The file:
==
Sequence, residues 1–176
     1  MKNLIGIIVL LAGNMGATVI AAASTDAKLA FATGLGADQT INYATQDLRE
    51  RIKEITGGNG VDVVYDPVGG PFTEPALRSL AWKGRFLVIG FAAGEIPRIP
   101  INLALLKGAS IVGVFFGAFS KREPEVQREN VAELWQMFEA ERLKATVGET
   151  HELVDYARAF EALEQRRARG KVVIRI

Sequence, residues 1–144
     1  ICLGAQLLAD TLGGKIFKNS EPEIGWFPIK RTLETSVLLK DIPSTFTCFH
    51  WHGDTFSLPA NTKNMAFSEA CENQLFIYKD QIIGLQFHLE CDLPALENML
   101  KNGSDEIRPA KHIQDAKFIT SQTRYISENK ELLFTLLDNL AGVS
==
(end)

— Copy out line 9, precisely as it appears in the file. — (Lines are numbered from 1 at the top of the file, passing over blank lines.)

   101  KNGSDEIRPA KHIQDAKFIT SQTRYISENK ELLFTLLDNL AGVS